ANCHORAGE, Alaska (KTUU) — "I think this is being way blown out of proportion," home builder Troy Davis of Troy Davis Construction told KTUU late Thursday afternoon.
Vacationing out of the country, Davis called to clear the air after the Municipality of Anchorage revoked a permit he was working under at a new home build in Eagle River.
KTUU first reported the situation on Wednesday after obtaining a three-page letter authored by the city explaining their decision to Davis.
The city took action after initially being called to the site by the prospective homeowner to do an earthquake damage assessment, a service the municipality is offering at no-cost as part of its response to the Nov. 30, magnitude 7.0 quake.
The earthquake caused what has been described as minor damage to the foundation. But while there, the city inspector noticed that the framing appeared to be "substantially deficient regarding structural provisions of the building codes adopted by the Municipality of Anchorage."
Acting Building Official Ross Noffsinger has said interpretation of the codes by builders may have been a matter of some confusion over the years, but that as far as he knows, residential construction standards have been consistent for all sections of the municipality, which includes Eagle River, Chugiak, and other communities outside the city's center.
Nationally recognized minimum building standards must be followed, in addition to heightened requirements mandated by the municipality, including designs able to withstand earthquakes and high winds.
Some of the varied opinions about code compliance may have developed because of the way compliance is monitored. In the Anchorage bowl, the city requires builders to obtain building permits and have municipal plan reviews and inspections. Outside the Anchorage Bowl, builders are allowed to hire a private inspector to fulfill that role.
Since starting his company in Alaska in 2001, Davis said he's built about 600 homes.
"To say our building system was inadequate and cheap and all that kind of stuff that's being said is totally inaccurate," he said. "We do a lot of extra structural framing in our homes to ensure that we don't have that kind of problem."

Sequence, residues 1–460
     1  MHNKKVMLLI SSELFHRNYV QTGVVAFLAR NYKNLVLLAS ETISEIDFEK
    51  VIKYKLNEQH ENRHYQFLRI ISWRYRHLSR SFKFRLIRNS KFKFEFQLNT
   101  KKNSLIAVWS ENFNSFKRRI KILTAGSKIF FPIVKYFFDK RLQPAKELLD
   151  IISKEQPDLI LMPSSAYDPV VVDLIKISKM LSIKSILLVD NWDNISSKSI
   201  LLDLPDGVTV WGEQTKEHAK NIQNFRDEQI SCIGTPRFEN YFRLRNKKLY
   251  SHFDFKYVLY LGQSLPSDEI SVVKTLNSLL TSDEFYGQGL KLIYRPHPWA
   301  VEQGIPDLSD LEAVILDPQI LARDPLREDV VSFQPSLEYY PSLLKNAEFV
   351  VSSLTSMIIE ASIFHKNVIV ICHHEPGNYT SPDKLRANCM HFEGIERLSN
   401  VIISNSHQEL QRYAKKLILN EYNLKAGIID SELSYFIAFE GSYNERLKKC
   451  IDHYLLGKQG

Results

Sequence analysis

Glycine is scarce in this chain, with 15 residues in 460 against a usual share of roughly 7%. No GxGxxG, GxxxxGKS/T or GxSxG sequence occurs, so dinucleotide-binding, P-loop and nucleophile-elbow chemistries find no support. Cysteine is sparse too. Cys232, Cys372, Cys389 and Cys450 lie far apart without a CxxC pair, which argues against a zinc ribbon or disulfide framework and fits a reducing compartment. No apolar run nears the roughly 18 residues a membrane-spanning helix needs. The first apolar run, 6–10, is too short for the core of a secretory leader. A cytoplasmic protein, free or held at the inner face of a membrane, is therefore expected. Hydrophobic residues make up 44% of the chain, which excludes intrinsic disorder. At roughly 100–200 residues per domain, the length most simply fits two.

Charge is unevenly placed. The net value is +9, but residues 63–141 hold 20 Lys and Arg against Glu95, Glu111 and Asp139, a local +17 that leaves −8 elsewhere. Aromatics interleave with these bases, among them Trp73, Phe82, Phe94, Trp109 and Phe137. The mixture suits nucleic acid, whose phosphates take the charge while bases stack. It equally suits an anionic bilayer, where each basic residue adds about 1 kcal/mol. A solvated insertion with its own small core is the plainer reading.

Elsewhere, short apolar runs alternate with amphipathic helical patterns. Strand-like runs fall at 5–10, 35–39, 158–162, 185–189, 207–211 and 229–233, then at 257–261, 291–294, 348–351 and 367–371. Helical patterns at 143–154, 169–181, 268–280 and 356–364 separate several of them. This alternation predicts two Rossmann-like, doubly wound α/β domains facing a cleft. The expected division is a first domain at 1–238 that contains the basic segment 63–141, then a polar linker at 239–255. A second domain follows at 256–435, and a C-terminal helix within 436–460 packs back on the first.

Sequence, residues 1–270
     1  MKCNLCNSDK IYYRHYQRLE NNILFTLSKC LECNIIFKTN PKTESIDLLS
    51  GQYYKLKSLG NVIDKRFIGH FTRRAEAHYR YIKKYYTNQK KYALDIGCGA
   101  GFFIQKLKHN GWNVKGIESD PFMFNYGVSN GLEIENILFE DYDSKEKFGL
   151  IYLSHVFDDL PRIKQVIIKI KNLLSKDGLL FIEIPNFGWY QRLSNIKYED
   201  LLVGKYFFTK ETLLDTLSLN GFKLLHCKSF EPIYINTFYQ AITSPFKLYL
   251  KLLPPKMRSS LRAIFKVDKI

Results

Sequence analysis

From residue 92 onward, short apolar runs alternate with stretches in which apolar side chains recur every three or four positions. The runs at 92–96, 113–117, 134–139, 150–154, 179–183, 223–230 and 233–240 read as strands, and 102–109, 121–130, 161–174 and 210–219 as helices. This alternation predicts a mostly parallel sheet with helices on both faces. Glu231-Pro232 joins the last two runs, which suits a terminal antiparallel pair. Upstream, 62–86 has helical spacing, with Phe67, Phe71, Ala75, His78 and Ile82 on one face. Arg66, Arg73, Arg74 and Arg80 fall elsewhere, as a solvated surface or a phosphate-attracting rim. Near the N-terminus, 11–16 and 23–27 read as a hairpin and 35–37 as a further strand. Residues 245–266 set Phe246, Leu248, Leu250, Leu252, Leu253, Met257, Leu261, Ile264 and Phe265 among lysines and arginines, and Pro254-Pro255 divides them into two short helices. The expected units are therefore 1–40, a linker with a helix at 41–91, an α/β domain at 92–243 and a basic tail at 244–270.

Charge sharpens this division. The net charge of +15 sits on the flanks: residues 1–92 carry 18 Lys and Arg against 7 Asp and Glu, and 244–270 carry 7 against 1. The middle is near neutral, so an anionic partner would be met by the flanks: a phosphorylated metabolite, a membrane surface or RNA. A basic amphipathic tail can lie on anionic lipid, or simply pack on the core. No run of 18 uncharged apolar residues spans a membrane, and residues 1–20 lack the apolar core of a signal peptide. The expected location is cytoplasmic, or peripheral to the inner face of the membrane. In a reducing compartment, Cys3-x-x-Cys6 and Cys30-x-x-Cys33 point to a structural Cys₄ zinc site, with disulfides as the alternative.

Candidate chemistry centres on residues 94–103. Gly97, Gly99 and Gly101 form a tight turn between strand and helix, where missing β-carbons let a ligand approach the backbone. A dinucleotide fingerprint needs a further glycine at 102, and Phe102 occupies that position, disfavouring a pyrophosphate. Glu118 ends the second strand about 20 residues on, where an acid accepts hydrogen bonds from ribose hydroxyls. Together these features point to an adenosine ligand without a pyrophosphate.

"Do we have a problem with one? Yes. Are we standing there fixing it? We are there fixing it. That's the long and short of it," he said regarding the house seven miles up the Eagle River valley from the Glenn Highway inspected Dec. 18 by the municipality.
He says he's brought in a structural engineer to address the municipality's concerns. The house in question and any others under construction will be retrofitted to meet the engineer's recommendations, Davis said.
Davis also said he is unaware of significant damage to any of the homes he's built from the earthquake.
"Everything withstood, I thought, very well. Do we need to change some things? Yes," he said.
Now that his company understands that the same seismic standards that apply in Anchorage also apply throughout the entire municipality, including Eagle River and Chugiak, Davis said that's the standard they'll build to.
He also emphasized that although the building site with the revoked permit is a complicated one. From the start, Davis says he had a soil engineer on the job come up with design that would work on the lot. The fact that it suffered only minor foundation damage is proof, he said, that it's well constructed.
The letter revoking the land use permit for the site lists concerns with shear walls (the walls that help a building resist forces), the number of holdown anchors and straps, and a large wall of windows.
"You know the muni has a job to do. Again, their job is to ensure the safety of everybody and that's what they're trying to do. Our job is once we're aware of something we need to correct and make sure that it goes forward so we won't have any problems. And that's what we're doing," Davis said. "All of our new homes going forward will have those requirements."